Brand Guru, founder,Harish Bijoor Consults Inc.
Poor Rahul Gandhi! Everything he does is under scrutiny. Everything he doesn’t do is under deeper scrutiny still. It’s the price you pay for a life in public space, I guess.
The latest brouhaha is all about his trip to Italy to see his grandma a day before the counting of votes for the NE elections was about to begin.
This sure is politics. The buzz is that if Rahul knew the Congress would do well, he would have stayed back. Really? Is it fair for one to think for the guy? In any case, who knows what is packed in those opaque EVMs anymore?
Rahul Gandhi is sure jinxed on this count. His every sojourn out of the country sure is ill-timed. But then, in the life of a politician in India, is there anything called well-timed at all? There is an election every other month. There is a scam every other week now. Politics is a ruckus that never ever stops. By this standard, Rahul Gandhi must never ever step out of the country. Or if he must, he should be able to come back in five hours flat!
The key problem is the fact that Rahul Gandhi is not considered a full-time politician even today. He needs to change that image quick and fast. Out there on the other side of the Congress fence is PM Modi. A full-time PM. The comparison always is with our dear dynamic, 24X7 Mr Modi.
We must, however, remember one thing in this comparison. One of them is the PM of this country, and the other the president of a political party, and, for sure, an MP to boot. And comparisons typically are odious. To each their own.
If Rahul Gandhi wants to change Congress, he can start by not vanishing during hard times
Founder-director, CVoter International
It is one thing if something crucial happens out of the blue when a leader is away. It is quite another when events are scheduled, like elections. Rahul Gandhi was well aware of the election schedule for the northeast and should have been careful about choosing his travel dates.
His frequent travels will only cause people to look at his trips with suspicion. That is a part of politics. Some of his trips have been completely mistimed, almost leading to him being labelled an escapist. That is something Congress strategists should think about. Leaders are only taken seriously when they are there to lead during bad times.
Rahul Gandhi has to take responsibility as the captain of the team. It should not fall on the local leadership to take the blame. This kind of approach, where the local leadership takes the failures and the central leadership takes the credit, is why the Congress is at the pathetic tally of 48 seats in the Lok Sabha.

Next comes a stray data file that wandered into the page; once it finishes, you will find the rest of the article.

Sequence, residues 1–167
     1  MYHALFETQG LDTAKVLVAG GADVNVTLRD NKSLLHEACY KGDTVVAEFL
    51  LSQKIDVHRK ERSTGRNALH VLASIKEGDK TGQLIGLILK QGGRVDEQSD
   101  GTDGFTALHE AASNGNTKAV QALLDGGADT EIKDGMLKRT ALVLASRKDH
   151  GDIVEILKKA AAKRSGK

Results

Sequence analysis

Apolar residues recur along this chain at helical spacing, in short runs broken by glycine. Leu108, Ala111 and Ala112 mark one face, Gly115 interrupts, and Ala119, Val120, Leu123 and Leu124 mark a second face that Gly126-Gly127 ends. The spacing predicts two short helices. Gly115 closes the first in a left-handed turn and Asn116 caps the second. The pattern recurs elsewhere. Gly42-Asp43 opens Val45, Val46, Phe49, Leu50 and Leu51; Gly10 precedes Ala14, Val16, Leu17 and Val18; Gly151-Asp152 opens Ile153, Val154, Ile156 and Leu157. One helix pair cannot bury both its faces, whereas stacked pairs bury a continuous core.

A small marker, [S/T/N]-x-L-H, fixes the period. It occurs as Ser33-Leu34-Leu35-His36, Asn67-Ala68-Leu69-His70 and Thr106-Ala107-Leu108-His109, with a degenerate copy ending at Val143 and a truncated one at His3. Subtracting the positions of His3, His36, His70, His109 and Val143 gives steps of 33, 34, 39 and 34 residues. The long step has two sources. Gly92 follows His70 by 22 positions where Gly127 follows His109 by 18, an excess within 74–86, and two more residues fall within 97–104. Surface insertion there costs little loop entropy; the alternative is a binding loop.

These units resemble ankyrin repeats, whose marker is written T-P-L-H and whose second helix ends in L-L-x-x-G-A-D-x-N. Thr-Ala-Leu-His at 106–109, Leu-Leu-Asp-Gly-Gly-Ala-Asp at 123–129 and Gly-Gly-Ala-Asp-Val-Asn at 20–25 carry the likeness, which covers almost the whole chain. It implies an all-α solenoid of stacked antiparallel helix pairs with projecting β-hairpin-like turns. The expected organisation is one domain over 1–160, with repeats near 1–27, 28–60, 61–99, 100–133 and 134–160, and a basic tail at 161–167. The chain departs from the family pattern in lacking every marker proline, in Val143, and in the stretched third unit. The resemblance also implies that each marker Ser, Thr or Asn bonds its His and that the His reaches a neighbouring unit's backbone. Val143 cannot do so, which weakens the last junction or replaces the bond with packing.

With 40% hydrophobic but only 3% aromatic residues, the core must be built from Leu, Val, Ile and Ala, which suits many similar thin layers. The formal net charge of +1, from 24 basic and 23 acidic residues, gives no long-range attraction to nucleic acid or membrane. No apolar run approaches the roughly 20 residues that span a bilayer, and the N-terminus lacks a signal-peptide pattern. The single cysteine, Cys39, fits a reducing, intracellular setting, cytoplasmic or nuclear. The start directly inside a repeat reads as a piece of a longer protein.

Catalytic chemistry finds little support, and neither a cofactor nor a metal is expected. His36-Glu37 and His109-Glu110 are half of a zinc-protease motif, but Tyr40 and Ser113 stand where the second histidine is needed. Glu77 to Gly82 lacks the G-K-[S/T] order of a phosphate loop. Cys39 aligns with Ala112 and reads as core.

As a team leader, if he had taken responsibility, people would take him more seriously. However, it’s not just Rahul Gandhi’s fault, it is the inherent Congress culture. The credit for the good things always went to Rajiv Gandhi, Indira Gandhi, and the bad results were attributed to the local leadership. As for Rahul Gandhi, if you’re winning in Punjab because of Amrinder Singh and you try to take the credit, no one is going to give it to you.
If Rahul Gandhi, as he claims, wants to change the Congress and reinvent it, he has to start with himself. He has to be there during the difficult times.
He is not a 24×7 politician like Prime Minister Modi
Columnist, former political editor of the Hindustan Times
Congress president Rahul Gandhi is known for his habit of playing truant and escaping from the drudgery of party work to have short holidays abroad. He certainly gets the timing wrong.
This could be because he was forced into politics and is known as a reluctant leader. He is not a 24×7 politician like Prime Minister Narendra Modi. His luxurious lifestyle and foreign jaunts often get trolled on social media. Not all his foreign trips are holidays as sometimes he clubs them with work, like he did in the US, Norway and Dubai by addressing the Indian diaspora.
His party members are often embarrassed when they find him out of the country at the end of some major event as it made for bad optics. He keeps his friends and foes guessing about his destination. Soon after his party’s humiliation in the 2014 Lok Sabha polls, he disappeared for 54 days for a sabbatical. Last year, when the entire opposition was agitated about farmers’ suicides in Madhya Pradesh, Rahul Gandhi went off on a holiday. There are many more such instances.
The opposition has targeted him for his absence during the counting of assembly election votes in Tripura, Meghalaya and Nagaland, but he was visiting his grandmother in Italy. Some senior Congress leaders pointed out that while he may have gone away for short spells earlier, he no longer had the luxury to do so after becoming the party president. In India, leaders are not known for taking holidays.
Compiled by Deeksha Bhardwaj, Journalist at ThePrint.